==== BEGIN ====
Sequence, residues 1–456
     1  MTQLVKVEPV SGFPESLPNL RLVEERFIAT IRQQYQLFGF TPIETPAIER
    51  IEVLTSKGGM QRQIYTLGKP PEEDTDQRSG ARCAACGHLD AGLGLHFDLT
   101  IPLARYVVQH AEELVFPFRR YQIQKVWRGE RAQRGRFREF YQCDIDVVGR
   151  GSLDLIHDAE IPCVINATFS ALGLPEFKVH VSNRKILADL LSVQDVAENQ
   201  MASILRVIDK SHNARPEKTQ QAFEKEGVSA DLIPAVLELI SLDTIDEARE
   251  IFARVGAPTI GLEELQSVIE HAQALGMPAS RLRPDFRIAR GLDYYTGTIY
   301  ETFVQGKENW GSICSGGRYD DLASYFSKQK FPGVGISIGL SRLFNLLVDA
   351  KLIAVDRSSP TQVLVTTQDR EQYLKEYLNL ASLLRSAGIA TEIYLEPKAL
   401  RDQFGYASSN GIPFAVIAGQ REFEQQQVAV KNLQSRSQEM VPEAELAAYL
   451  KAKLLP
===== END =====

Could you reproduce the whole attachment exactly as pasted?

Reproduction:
Sequence, residues 1–456
     1  MTQLVKVEPV SGFPESLPNL RLVEERFIAT IRQQYQLFGF TPIETPAIER
    51  IEVLTSKGGM QRQIYTLGKP PEEDTDQRSG ARCAACGHLD AGLGLHFDLT
   101  IPLARYVVQH AEELVFPFRR YQIQKVWRGE RAQRGRFREF YQCDIDVVGR
   151  GSLDLIHDAE IPCVINATFS ALGLPEFKVH VSNRKILADL LSVQDVAENQ
   201  MASILRVIDK SHNARPEKTQ QAFEKEGVSA DLIPAVLELI SLDTIDEARE
   251  IFARVGAPTI GLEELQSVIE HAQALGMPAS RLRPDFRIAR GLDYYTGTIY
   301  ETFVQGKENW GSICSGGRYD DLASYFSKQK FPGVGISIGL SRLFNLLVDA
   351  KLIAVDRSSP TQVLVTTQDR EQYLKEYLNL ASLLRSAGIA TEIYLEPKAL
   401  RDQFGYASSN GIPFAVIAGQ REFEQQQVAV KNLQSRSQEM VPEAELAAYL
   451  KAKLLP